The Radxa CM3 Raspberry Pi 4 alternative was just presented yesterday, but today Pine64 SOQuartz The calculation module has just been available for $ 34.99 and up.
Pine64 announced the Rockchip RK3566 Raspberry Pi Compute Module 4 compatible system on module (SoM) last June, and today the company / community released three SOQuartz models with a wireless module and equipped with 2GB, 4GB or 8 GB of RAM.
Preliminary specifications of the system on the SOQuartz module:
- SoC – Rockchip RK3566 Cortex-A55 quad-core processor up to 1.8 GHz with RISC-V 32 bir MCU, Arm Mali-G52 GPU supporting OpenGL ES 1.1 / 2.0 / 3.2, OpenCL 2.0, Vulkan 1.1, 0.8 TOPS NPU for AI acceleration
- System memory – 2 GB to 8 GB LPDDR4
- Storage room
- Optional 128 Mbit SPI flash
- 16 GB to 128 GB capacity optional eMMC module or soldered eMMC module (see bottom of card)
- Wireless module – Azurewave AW-CM256SM WiFi 5 802.11ac and Bluetooth 5.0 wireless module plus u.FL.
- 2 high density 100 pin board-to-board connectors with:
- Video output
- 1 time HDMI 2.0 interface up to 4Kp60
- 1x 2-way MIPI DSI display interface
- 1x 4-way MIPI DSI display interface
- Integrated DisplayPort (eDP)
- I / F Camera
- 1x 2-way MIPI CSI camera interface
- 1x 4-way MIPI CSI camera interface
- Ethernet – Gigabit Ethernet
- USB – 1x USB 2.0 host
- SATA III or PCIe (multiplexed)
- 28x user GPIO (3.3v or 1.8v) also configurable as 6x UART, 6x I2C, 5x SPI, SDIO, 1x DPI (Parallel RGB Display), 1x PCM, 2x PWM, 3x GPCLK outputs
- Video output
- Supply voltage – 5V
- Dimensions – 55 x 40 x 4.7mm with 4 M2.5 mounting holes
The module currently supports Android 11 and a Linux 4.19 BSP with download links and partial hardware specs listed on the wiki. There is also a SOQuartz Model-A base board, but it doesn’t seem to be available at the moment, so you will have to rely on the carrier board for the Raspberry Pi CM4 to boot. Note that software development is progressing as stated by Pine64:
The SOQuartz Calculation Module software is still at an early stage of development and is therefore only suitable for developers and advanced users who want to contribute to software development. Rockchip’s main branch and BSP fork of Linux have already been started on the platform and development is proceeding apace, but it will be months before end users and industry partners can reliably deploy it.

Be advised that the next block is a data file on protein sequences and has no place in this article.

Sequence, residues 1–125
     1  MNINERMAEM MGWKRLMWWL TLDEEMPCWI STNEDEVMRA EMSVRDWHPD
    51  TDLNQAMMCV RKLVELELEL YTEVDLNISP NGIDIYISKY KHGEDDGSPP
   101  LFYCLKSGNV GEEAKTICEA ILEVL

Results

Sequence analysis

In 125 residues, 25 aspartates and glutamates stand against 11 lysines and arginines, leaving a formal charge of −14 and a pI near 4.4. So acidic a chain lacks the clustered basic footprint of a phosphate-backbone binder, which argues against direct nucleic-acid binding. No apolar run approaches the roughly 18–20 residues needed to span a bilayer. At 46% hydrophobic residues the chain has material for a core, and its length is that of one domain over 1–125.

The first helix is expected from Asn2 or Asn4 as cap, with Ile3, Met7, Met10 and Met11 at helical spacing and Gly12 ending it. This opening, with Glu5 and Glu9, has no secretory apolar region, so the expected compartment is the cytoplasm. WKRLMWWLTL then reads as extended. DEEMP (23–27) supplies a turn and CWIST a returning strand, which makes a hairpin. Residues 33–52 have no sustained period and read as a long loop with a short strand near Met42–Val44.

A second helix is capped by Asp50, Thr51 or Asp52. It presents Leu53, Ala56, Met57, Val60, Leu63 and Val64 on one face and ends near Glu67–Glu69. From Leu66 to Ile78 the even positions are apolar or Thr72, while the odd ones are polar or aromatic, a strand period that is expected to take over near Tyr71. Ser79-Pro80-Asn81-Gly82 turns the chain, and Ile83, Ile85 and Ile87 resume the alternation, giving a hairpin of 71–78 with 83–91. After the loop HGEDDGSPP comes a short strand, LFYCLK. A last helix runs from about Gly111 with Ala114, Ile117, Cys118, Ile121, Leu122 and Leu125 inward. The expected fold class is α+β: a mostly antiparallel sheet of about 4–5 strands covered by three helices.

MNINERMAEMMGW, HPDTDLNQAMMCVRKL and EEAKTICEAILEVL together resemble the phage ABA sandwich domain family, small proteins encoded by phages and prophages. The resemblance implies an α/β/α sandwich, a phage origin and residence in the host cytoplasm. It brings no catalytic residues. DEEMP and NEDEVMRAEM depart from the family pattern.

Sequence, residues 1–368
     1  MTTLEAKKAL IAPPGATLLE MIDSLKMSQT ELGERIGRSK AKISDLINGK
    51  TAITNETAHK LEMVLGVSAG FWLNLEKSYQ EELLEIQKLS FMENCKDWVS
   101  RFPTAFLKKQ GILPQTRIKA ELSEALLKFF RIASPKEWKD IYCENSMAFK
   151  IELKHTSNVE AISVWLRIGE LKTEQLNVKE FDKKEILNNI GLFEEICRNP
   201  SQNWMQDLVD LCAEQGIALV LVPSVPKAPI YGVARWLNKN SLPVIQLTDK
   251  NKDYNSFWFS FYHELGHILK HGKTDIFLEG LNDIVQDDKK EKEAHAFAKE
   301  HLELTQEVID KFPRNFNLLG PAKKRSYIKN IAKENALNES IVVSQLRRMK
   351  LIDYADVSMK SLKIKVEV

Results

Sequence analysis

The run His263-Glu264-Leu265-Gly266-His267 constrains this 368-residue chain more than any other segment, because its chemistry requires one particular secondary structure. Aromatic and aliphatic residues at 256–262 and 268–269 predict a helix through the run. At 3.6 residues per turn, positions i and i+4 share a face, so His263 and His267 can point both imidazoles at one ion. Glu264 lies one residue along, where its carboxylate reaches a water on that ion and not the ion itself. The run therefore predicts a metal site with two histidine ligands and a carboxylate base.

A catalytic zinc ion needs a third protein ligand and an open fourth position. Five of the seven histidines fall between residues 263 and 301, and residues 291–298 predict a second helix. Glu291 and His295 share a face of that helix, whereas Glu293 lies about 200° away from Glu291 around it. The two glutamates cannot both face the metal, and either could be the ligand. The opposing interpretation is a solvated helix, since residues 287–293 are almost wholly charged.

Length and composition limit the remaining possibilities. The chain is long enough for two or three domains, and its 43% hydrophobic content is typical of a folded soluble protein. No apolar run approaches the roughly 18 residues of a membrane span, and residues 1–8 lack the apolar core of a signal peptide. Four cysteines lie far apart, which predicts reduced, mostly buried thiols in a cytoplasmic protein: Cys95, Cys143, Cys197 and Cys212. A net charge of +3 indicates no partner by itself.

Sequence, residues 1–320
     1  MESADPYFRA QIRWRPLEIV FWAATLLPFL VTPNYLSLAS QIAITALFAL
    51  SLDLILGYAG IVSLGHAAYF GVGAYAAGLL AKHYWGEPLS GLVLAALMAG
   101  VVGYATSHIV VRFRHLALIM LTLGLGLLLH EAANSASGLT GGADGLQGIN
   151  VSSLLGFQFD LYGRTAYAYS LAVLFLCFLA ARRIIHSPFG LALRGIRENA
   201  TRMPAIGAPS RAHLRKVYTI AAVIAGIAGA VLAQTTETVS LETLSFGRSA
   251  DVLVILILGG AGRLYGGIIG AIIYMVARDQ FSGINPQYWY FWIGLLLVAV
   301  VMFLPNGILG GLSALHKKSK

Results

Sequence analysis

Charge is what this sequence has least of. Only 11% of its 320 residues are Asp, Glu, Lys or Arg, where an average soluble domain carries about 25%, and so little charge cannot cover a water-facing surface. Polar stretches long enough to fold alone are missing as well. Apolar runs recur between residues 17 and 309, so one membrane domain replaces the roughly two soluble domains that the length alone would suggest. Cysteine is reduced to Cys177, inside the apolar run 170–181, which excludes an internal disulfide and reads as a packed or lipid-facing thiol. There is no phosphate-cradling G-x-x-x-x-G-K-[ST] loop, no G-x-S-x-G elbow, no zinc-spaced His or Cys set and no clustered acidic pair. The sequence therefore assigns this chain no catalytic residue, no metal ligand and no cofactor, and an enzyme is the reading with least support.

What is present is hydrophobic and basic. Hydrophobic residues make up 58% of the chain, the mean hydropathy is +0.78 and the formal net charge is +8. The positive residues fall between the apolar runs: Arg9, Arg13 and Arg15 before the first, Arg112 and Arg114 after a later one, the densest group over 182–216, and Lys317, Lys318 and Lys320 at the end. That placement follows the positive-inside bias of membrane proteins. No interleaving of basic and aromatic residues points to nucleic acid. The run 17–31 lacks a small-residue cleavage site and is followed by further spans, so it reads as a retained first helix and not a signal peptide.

The advantages of SOQuartz over the RPi CM4 compute module are the presence of an AI accelerator, an optional 128 Mbit SPI flash card, flexibility for eMMC flash memory (module or soldered) and support for SATA which should be multiplexed with the PCIe 2.1 interface assuming they used the Multi-PHY2 interface of the processor. However, the Raspberry Pi Compute Module 4 has two HDMI interfaces, and the RK3566 module should only have one with the pins left unused. SOQuartz is not supplied with an additional 100-pin board-to-board connector provided on the Radxa CM4 module to benefit from the additional interfaces made available by the Rockchip processor.
Pine64 indicates that SOQuartz will be software compatible with Quartz64 single board computers, which means support for Linux and Android distributions. It is still early days and a lot of work remains to be done. In theory, the module should be an instant replacement in Raspberry Pi CM4 support boards, but practice can hinder some boards, and incompatibilities are not impossible.
You can order the modules directly from the Pine64 store with the 2GB RAM version for $ 34.99, the 4GB model for $ 49.99, and you’ll have to spend $ 74.99 to get 8GB of RAM.
Update: The post was originally published on June 15, 2021 and updated on November 8 with SOQuartz becoming available for developers
Jean-Luc started CNX Software in 2010 on a part-time basis, before stepping down as head of software engineering and starting writing daily news and reviews full-time later in 2011.